• Regarding safety of using such dental splints as a snoring remedy, Bondemark and Lindman commented: "It was concluded that 2 years' treatment with a mandibular advancement splint had no adverse effects on the craniomandibular status and function, but the observed occlusal changes requires further evaluation."

  • Petitjean, Chammas et al. reported: "The different available studies report an improvement either on nocturnal respiratory events or on the quality of sleep. The decrease in the intensity of snoring is confirmed by the patient's partner and by objective studies. [...] A polysomnographically proved cure has been reported with AHI < 10/h. Sleep architecture is also improved with wearing MAD demonstrating a decrease in the time passed in stage 1 sleep and an increase in slow wave sleep and rapid eye movement sleep (REM)."

  • Robertson, Murray et al. concluded: "The mean Snoring Outcomes Survey change was significantly greater for those who preferred MRS to CPAP (mean score difference, 27.15) [...] CONCLUSION: The majority of disruptive snorers can be managed effectively with conservative treatments and therefore avoid surgery."

  • After a ten year follow-up study, Jauhar, Lyons et al. commented: "The mandibular advancement device appears to be an effective long-term solution for a significant number of patients with problem snoring and also those with mild to moderate obstructive sleep apnea."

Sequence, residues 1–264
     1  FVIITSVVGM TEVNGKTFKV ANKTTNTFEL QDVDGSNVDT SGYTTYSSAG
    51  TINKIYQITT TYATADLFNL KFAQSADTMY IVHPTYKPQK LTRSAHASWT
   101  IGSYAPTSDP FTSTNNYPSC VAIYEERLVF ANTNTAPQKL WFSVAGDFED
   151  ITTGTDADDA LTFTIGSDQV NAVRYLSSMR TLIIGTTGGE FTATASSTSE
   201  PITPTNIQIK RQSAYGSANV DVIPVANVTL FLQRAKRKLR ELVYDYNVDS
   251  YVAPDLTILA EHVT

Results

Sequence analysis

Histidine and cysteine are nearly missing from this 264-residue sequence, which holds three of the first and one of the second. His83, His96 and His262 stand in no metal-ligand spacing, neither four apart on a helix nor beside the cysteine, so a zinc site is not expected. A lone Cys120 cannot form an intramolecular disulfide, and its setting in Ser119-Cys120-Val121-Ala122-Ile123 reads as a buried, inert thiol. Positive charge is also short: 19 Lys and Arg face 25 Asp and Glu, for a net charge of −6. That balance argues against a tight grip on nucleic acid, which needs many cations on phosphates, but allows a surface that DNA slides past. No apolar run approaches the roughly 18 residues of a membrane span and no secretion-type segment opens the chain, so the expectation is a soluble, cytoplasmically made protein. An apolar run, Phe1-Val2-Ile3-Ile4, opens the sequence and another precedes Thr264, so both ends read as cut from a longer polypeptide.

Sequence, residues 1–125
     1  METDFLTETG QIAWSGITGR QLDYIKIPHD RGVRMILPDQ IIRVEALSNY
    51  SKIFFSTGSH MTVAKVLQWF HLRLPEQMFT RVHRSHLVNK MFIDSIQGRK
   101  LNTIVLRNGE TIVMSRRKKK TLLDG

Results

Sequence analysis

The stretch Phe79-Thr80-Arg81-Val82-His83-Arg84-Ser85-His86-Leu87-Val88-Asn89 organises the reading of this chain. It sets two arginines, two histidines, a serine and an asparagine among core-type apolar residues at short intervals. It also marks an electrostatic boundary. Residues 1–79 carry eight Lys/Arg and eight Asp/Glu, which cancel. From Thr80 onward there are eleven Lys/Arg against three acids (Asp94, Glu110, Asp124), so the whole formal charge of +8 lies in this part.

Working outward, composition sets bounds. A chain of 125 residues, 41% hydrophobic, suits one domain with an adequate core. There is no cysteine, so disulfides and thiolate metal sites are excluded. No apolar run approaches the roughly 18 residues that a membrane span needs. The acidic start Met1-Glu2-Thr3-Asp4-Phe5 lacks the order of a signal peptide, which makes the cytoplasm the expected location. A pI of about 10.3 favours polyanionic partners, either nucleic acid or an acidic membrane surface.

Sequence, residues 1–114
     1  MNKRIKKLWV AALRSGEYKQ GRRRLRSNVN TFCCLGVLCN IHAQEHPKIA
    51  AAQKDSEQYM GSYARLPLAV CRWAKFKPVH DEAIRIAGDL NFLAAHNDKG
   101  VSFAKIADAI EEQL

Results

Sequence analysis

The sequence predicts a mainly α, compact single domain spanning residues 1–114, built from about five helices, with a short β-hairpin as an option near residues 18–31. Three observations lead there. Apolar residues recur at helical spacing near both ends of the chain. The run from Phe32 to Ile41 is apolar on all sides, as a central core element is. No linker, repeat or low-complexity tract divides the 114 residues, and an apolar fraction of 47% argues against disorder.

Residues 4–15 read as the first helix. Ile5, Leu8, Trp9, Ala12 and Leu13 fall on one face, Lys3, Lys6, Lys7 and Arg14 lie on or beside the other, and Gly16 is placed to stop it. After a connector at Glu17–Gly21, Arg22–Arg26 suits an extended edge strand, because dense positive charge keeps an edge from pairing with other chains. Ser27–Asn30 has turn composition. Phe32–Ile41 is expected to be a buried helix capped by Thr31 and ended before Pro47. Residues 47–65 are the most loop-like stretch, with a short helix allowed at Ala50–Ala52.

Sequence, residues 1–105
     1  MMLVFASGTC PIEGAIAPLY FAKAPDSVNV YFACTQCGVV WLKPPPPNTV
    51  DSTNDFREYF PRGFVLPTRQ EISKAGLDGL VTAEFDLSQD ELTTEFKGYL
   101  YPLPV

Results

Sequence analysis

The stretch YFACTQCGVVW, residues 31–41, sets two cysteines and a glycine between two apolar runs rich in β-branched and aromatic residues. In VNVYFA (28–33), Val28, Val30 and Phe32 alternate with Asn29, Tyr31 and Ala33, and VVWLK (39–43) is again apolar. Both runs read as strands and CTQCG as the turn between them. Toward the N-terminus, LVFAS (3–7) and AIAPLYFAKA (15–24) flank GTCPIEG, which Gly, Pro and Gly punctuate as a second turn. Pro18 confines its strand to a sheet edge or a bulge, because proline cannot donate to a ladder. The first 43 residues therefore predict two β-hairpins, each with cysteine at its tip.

• Saletu, Anderer, Parapatics et al. found that "Apart from its good therapeutic effects on snoring and respiratory variables (snoring showed complete or partial response in 68%, the apnea-hypopnea index in 67% of the apnea patients), the MRA also improved psychopathology, objective and subjective sleep and awakening quality."

  • Smith and Battagel found: "The questionnaires and sleep recordings suggested that the MAS significantly reduced snoring incidence (p<0.05) and improved sleep quality. Daytime tiredness, as assessed by the Epworth Sleepiness Scale, was significantly reduced (p<0.001). Initial side effects of muscular and TMJ discomforts were mostly resolved after 1 month of appliance wear. Conclusions: Use of a MAS improves snoring incidence and sleep quality in most patients with non-apneic snoring."